“There are a lot of celebrities who have foundations but they don’t raise much money, and I think that’s because they don’t have the right team around them. The key with charity is that it’s all about the experience and the connection with people, and that’s why United at Home has been so successful.”

 


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ADE reaches millions with virtual 2020 event

The 25th edition of Amsterdam Dance Event (ADE), which took place from Wednesday 21 to Sunday 25 October, reached millions of people across the world with the festival’s first-ever digital event, organisers have revealed.

The yearly ADE Pro conference, which traditionally takes place alongside the festival, also took place in an online environment and attracted thousands of electronic music industry professionals.

Highlights of the event included a live conversation between Timbaland, Martin Garrix and David Guetta, The Evolution of Sounds, with more than 250,000 people tuning in globally. Meanwhile, the ADE Pro conference delved into future prospects for artists, clubs and festivals, health issues with James Blake, activism and music with Neneh Cherry and more. All ADE Pro content is available on demand via the platform.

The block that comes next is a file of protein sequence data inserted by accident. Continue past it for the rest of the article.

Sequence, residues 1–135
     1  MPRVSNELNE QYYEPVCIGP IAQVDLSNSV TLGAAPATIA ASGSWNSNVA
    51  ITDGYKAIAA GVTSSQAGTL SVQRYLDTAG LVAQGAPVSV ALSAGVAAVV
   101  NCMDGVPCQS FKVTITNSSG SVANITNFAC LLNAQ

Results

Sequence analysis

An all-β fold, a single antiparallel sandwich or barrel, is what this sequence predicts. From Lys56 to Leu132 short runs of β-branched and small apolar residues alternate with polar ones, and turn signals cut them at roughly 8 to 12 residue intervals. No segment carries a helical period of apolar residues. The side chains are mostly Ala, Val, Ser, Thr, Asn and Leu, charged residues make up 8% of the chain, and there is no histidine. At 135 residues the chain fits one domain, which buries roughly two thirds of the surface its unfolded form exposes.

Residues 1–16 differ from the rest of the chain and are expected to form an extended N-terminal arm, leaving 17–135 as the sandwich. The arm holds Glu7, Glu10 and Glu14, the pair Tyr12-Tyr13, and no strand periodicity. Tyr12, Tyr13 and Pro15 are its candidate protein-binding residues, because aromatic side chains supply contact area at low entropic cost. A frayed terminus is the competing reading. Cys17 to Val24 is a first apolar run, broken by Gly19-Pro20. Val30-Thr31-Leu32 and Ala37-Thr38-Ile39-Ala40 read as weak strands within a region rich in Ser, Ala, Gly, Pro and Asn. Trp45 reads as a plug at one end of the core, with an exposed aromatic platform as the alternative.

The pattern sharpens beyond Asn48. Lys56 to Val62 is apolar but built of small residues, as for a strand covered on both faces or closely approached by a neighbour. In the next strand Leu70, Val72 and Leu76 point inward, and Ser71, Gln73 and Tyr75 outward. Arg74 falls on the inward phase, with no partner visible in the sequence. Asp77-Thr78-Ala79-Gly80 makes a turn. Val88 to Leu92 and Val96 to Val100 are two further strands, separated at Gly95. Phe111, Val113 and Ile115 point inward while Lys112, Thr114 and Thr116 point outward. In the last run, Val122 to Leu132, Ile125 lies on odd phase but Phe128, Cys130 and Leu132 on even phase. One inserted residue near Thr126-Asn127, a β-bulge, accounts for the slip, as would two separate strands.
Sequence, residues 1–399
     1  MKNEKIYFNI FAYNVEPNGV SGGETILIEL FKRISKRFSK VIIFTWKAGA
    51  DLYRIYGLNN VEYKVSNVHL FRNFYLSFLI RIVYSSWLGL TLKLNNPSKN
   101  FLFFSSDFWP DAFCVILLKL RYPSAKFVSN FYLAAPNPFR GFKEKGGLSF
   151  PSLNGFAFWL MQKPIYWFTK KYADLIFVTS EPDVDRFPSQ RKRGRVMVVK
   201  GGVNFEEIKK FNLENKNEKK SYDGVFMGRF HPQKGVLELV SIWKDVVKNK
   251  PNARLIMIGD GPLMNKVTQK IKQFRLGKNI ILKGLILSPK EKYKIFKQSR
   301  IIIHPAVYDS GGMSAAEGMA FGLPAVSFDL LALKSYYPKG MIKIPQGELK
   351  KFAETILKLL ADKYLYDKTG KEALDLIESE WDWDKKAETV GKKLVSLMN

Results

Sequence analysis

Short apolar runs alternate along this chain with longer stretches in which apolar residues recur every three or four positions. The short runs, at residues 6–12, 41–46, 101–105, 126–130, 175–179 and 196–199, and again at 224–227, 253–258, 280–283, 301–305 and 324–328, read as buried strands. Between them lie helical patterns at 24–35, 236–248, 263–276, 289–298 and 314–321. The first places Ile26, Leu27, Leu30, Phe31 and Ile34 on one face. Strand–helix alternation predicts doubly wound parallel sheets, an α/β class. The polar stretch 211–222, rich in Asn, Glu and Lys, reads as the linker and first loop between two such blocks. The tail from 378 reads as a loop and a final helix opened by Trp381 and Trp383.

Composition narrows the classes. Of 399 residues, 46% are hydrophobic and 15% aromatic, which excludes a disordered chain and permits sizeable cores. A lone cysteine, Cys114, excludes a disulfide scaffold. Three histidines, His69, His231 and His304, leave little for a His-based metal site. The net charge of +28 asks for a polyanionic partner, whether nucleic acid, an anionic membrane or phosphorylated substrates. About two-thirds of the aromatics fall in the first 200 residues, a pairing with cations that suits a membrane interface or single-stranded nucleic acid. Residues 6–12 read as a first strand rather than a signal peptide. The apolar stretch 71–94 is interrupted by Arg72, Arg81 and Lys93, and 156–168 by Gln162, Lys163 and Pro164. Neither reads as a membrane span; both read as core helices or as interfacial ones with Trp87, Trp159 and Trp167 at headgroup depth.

Other sessions of note included the European premiere of the documentary Larry’s Garage, a collaboration with Nyege Nyege festival from Uganda and a livestream from Elrow with Desperados, which attracted hundreds of thousands of viewers.

“It’s great we were able to fulfil our role as a world-leading platform for electronic music even in these strange times”

In addition, studio tours and master classes by a wide range of artists, including Bloody Mary, Carista, Carl Cox, Âme’s Frank Wiedeman and Pan-Pot, formed an in-depth program for the new generation of DJs, while viewers were given a glimpse into the future of digital performances with innovative audiovisual experiences.

Elsewhere, favourite moments from previous editions of ADE were shared on TikTok with the hashtag #ADEmoments throughout the week, with the likes of Tiësto, Martin Garrix, Stella Bossi, Don Diablo, Armin van Buuren and Carly Wilford getting involved, as well as the Rijksmuseum and other organisations. This reached more than 35 million people.

ADE co-directors Jan-Willem van de Ven and Meindert Kennis, who took over from Mariana Sanchotene for this year’s event, jointly comment: “We obviously had something different in mind when we started in December, but given the circumstances we’re happy to hear people say we’ve raised the bar for the future of digital events.

“It’s great that we were able to fulfil our role as a world-leading platform for electronic music even in these strange times and we look forward to further developing the digital platform over the coming months to benefit our subscribers.”

 


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Live music community rallies for Covid-19 relief